posted Aug 28, 2013 in CAMPUS EVENTS
While probably best known for being portrayed by actress Susan Sarandon in the movie “Dead Man Walking,” Sister Helen Prejean’s work and life goes far beyond that moment of fame.
She will present McPherson College’s 26th annual Religious Heritage Lecture at McPherson Church of the Brethren at 7 p.m. Sept. 15 with “Dead Man Walking: An Eyewitness Account of the Death Penalty.”
A member of the Sisters of St. Joseph of Medaille for nearly six decades, Sister Helen Prejean began her service teaching religion to junior high school students and became convinced that advocating for the poor was essential to the Gospel message. She moved to the St. Thomas Housing Project in New Orleans, where she ministered at the Hope House from 1981 to 1984.
At the same time, she began a prison ministry when requested to correspond with an inmate at Angola - Patrick Sonnier, convicted of killing two teenagers and sentenced to death by electric chair. Her experiences as Sonnier’s spiritual adviser and witness to his death led her to write “Dead Man Walking,” which was nominated for a Pulitzer Prize and rose to number one on the New York Times Best Seller List for eight months.
Dr. Steve Gustafson, director of planned giving and organizer of the college’s annual lecture series, said he heard Sister Prejean previously when she spoke at MC in 2000.
“I anticipate a passionate presentation that will help the audience understand the mindset and journey of those accused of capital crimes, the feelings and response of the victim’s family, and the challenges associated with capital punishment,” Dr. Gustafson said.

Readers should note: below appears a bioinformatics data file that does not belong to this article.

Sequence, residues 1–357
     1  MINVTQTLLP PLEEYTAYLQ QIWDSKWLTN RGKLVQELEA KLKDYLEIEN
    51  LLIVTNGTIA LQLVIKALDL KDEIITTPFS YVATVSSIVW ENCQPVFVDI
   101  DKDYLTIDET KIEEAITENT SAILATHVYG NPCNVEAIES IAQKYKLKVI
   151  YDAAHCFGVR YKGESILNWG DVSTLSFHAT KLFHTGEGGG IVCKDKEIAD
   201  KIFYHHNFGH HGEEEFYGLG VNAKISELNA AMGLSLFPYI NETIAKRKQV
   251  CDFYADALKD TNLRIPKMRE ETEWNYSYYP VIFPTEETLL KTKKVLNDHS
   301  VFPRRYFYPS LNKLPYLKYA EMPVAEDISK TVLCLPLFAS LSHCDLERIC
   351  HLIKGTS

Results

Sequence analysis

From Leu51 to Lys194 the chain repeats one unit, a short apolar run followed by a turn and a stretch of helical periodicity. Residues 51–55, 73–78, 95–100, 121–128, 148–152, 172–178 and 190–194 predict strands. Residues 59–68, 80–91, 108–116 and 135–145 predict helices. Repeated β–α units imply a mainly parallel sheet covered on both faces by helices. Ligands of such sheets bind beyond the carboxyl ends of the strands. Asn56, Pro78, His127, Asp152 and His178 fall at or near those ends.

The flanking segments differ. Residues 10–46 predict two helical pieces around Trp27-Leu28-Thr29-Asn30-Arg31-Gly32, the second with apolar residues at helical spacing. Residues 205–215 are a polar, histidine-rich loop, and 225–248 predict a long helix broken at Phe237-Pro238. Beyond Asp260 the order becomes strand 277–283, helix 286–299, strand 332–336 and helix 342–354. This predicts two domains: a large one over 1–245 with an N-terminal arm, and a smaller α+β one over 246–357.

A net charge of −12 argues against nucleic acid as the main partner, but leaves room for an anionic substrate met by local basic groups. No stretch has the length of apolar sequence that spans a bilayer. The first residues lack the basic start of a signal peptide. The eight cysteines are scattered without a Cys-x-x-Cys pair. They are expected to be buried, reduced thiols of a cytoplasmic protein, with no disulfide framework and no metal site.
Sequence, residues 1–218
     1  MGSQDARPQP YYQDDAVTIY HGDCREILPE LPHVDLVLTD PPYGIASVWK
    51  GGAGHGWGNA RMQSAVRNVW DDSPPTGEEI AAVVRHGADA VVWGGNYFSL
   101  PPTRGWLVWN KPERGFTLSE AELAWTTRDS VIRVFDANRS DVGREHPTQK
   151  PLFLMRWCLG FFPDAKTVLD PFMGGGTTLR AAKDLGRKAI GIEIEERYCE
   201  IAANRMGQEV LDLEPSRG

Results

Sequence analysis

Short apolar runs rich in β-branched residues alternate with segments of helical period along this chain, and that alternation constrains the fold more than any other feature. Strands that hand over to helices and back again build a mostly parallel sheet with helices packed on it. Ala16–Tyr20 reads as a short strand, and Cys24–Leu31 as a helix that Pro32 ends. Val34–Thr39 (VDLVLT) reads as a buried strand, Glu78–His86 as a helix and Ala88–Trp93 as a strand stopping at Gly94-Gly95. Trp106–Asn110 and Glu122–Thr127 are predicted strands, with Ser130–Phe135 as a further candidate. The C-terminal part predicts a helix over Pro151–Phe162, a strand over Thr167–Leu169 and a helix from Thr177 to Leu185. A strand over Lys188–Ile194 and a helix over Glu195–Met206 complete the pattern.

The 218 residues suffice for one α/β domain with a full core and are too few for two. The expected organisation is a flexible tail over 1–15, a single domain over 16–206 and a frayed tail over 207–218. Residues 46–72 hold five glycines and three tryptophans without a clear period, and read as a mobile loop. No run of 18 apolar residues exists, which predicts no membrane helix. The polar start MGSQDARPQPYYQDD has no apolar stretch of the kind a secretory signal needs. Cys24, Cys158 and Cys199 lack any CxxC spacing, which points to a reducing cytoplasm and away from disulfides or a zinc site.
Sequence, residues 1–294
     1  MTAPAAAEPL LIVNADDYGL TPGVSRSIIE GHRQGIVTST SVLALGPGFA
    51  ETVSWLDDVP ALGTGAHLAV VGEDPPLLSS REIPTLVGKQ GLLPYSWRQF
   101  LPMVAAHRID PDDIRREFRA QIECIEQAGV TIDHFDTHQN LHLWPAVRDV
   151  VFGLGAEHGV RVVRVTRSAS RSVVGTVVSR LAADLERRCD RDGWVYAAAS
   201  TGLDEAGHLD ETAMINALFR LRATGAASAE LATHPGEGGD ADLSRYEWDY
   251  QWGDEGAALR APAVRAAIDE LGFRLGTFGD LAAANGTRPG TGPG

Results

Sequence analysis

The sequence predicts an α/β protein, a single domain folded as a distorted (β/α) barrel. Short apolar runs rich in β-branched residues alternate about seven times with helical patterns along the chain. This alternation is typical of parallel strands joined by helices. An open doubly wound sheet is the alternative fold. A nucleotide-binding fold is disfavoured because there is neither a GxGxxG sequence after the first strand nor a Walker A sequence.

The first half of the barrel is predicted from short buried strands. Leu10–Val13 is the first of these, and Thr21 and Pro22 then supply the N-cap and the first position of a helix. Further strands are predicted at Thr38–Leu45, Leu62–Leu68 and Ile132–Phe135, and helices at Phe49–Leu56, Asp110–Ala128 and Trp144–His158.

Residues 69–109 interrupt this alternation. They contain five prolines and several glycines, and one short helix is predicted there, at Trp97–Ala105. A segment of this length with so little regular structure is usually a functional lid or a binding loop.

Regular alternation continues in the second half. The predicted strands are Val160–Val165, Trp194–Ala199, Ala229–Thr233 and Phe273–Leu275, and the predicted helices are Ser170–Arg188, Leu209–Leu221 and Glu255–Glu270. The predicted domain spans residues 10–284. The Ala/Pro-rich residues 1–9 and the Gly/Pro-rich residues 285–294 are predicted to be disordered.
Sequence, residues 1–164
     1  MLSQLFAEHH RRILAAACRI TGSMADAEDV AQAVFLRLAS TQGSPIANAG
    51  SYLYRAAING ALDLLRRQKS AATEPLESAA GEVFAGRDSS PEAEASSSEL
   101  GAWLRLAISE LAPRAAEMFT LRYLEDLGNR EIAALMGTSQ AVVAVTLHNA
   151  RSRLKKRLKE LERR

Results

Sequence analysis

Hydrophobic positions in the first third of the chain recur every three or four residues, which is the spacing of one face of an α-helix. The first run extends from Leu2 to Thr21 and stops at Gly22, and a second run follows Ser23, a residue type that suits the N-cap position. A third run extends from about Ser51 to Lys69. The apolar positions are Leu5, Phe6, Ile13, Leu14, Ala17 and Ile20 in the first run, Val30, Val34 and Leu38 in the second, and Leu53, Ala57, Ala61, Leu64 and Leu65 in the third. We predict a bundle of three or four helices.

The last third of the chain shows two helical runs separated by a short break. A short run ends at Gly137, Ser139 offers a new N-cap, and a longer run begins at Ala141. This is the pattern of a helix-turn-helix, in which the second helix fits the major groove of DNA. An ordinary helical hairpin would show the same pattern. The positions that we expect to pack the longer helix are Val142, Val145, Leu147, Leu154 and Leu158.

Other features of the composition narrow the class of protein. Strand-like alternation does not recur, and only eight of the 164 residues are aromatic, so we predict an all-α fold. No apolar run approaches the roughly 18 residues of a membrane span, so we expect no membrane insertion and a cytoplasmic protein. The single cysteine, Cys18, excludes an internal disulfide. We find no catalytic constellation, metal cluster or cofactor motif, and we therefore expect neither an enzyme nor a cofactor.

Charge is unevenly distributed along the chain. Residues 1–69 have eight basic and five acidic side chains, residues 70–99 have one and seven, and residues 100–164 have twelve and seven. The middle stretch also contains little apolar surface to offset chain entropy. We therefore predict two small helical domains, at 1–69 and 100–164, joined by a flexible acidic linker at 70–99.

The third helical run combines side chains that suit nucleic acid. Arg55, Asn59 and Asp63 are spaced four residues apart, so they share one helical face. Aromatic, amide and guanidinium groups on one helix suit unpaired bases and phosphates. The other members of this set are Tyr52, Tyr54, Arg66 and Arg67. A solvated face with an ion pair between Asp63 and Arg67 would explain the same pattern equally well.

The book was adapted into a major motion picture in 1996, in which Sarandon starred playing Sister Prejean alongside Sean Penn as a death row inmate based on Sonnier. The movie was nominated for four Oscars and Sarandon received Best Actress. The work has since also been adapted into an opera and a play geared to high schools and colleges.
Since then, she spent the next three decades advocating for victims’ rights, speaking against capital punishment, providing spiritual counseling to death row inmates and educating the public about related issues. She’s credited with helping to shape the Catholic Church’s modern opposition to capital punishment.
As she helped accompany six inmates as they faced their execution, she grew to suspect that some of them were not guilty. This led her to her second book, “The Death of Innocents: An Eyewitness Account of Wrongful Executions,” published in 2004. Sister Helen is working on her third book, “River of Fire: My Spiritual Journey.” Her first two books will be available for sale at the lecture and Sister Prejean will hold a signing immediately following the lecture.
The religious heritage lectureship was established at McPherson College through the generosity of unnamed contributors. This endowed lecture series was founded to provide opportunity for presentation, analysis, and discussion of important issues within the Christian traditions represented by the faculty, staff, and students at McPherson College. It was the intention of the contributors that this endowment should annually bring speakers of note to the McPherson College campus to address contemporary issues from diverse Christian perspectives, with a particular emphasis on the Church of the Brethren. It was also intended that this series impact persons beyond the immediate McPherson College Community.
In June 1998, Dr. Waldo Newberg established the Nelson Memorial Chair of Christian Education. The chair was established to honor John Emil Nelson and Olive Octavia Nelson, in gratitude for their contributions to Dr. Newberg’s life. The gifts of the initial anonymous donors and the earnings from the Nelson Chair fund the lectureship.
The public is invited and encouraged to attend this free event.
Live webcast is available via Livestream.